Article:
Venue provider De Vere Venues showcased the latest addition to its portfolio on 26 June with a celebratory VIP event at London’s Altitude on Milbank.
The venue, which has undergone several management regimes in recent years, has now teamed up with De Vere Venues to market the spaces to the meetings and events industry.
Altitude offers a 300-seat private cinema/screening room, plus panoramic views of the London skyline from its 28th and 29th floors.
Guests were treated to Pimms, champagne, strawberries and ice creams in the Wimbledon-themed River and Paint Rooms.
Darren Patt (pictured0, MD at De Vere Venues, said the company was “extremely excited” to be working with Altitude and its 360° panoramic view of the London Skyline. “De Vere Venues is sure to develop existing and create new relationships which will help establish Altitude as one of London’s greatest event spaces,” he added.
Meanwhile, De Vere Venues is thought to have shortlisted half a dozen bidders in its ongoing sale process. Sources close to the company have indicated that shortlisted bidders are almost entirely US-based funds.
There has been speculation around the obvious synergies that Starwood Capital could achieve by combining Hayley Conferences’ venues with De Vere’s venues. Such a move would put two old adversaries, Tony Troy (CEO Principal Hayley) and Tony Dangerfield (CEO De Vere venues) head to head.
De Vere has had a challenging history since the sudden departure of Richard Balfour Lynn and his Alternative Hotel Group investors parted company with Lloyds bank during the recession. Balfour Lynn stepped down in September 2011.
In the venues division, the group has been selling off some of its smaller venues and CN understand this could lead to increased investment in developing the Village brand now under the leadership of the ambitious Robert Cook.
De Vere Venue’s sale can be seen as part of a bigger jigsaw of hotel assets being split up and sold off as the banks seek to exit bad loans: Q Hotels and Menzies are expected by many in the City to be the next groups put up for sale and are likely to be watching the outcome of the De Vere sale closely.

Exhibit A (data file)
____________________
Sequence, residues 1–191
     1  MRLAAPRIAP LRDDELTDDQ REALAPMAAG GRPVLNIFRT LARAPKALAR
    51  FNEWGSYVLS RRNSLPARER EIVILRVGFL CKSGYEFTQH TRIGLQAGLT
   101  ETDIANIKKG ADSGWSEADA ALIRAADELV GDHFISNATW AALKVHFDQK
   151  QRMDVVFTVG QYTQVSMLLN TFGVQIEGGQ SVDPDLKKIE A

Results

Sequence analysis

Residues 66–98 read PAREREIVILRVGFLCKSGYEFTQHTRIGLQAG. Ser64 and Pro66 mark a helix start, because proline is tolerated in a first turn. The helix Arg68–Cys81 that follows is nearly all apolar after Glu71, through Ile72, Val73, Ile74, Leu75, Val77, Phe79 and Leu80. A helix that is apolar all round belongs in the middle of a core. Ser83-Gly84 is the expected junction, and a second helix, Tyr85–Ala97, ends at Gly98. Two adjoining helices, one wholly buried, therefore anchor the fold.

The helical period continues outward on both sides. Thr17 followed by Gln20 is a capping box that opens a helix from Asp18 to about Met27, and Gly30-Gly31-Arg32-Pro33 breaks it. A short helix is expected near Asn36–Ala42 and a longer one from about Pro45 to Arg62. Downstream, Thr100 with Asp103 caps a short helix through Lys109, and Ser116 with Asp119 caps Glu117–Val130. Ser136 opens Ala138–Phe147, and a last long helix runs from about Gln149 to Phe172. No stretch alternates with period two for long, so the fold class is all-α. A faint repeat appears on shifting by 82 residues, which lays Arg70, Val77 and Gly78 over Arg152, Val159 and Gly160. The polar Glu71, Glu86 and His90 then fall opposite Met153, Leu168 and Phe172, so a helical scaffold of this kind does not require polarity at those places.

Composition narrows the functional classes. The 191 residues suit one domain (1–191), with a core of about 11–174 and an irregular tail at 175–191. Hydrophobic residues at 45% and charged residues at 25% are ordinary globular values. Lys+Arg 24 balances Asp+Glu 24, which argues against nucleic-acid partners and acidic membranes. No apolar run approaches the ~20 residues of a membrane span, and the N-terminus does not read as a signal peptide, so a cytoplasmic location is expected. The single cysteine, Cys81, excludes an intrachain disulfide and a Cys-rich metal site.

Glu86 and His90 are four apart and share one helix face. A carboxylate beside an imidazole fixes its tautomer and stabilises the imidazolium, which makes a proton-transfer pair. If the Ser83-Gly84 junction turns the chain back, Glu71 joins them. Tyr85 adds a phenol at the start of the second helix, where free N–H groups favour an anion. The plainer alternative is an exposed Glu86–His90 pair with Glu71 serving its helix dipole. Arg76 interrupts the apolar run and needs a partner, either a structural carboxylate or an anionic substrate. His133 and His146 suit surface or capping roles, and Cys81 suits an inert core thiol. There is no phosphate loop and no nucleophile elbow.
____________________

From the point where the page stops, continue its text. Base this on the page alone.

In recent times De Vere has been shedding venues: Mill and Old Swan, Barony castle have gone and Harben House was put on the market through Christies last year.
A statement from De Vere Venues had said that a sales strategy been agreed with major stakeholder Lloyds Banking Group.
Lazard’s the financial advisory and asset management company was charged in April with talking to interested parties.
A De Vere statement said: “Our focus remains to ensure that De Vere Venues continues to be the UK’s market leader in conference, meeting, training and events and that we have the opportunity to continue to expand the business, further extend the brand and maximise our growth potential.
“Over the last 12 months, we have been successful in securing new management contracts and franchises, as well as consolidating our relationships with all our major customers and we have a very attractive future business pipeline, which will ensure we achieve strong growth over the medium term.”
The group added it was “very much business as usual”.
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